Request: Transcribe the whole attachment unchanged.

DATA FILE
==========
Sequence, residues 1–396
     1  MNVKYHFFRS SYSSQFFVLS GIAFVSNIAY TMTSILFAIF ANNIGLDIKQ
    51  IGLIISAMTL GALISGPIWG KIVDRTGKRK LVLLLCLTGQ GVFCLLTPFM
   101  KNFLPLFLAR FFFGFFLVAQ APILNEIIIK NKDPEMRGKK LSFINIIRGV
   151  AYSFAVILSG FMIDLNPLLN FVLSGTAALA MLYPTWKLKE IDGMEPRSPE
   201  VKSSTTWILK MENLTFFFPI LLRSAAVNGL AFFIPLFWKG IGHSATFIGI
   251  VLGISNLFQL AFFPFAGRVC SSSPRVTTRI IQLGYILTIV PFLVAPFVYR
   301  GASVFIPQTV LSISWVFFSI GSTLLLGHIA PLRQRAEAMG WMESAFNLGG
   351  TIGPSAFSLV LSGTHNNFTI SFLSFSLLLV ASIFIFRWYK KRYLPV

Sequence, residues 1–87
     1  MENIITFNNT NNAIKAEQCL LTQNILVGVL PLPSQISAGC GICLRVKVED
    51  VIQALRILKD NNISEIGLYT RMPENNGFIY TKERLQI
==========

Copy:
Sequence, residues 1–396
     1  MNVKYHFFRS SYSSQFFVLS GIAFVSNIAY TMTSILFAIF ANNIGLDIKQ
    51  IGLIISAMTL GALISGPIWG KIVDRTGKRK LVLLLCLTGQ GVFCLLTPFM
   101  KNFLPLFLAR FFFGFFLVAQ APILNEIIIK NKDPEMRGKK LSFINIIRGV
   151  AYSFAVILSG FMIDLNPLLN FVLSGTAALA MLYPTWKLKE IDGMEPRSPE
   201  VKSSTTWILK MENLTFFFPI LLRSAAVNGL AFFIPLFWKG IGHSATFIGI
   251  VLGISNLFQL AFFPFAGRVC SSSPRVTTRI IQLGYILTIV PFLVAPFVYR
   301  GASVFIPQTV LSISWVFFSI GSTLLLGHIA PLRQRAEAMG WMESAFNLGG
   351  TIGPSAFSLV LSGTHNNFTI SFLSFSLLLV ASIFIFRWYK KRYLPV

Sequence, residues 1–87
     1  MENIITFNNT NNAIKAEQCL LTQNILVGVL PLPSQISAGC GICLRVKVED
    51  VIQALRILKD NNISEIGLYT RMPENNGFIY TKERLQI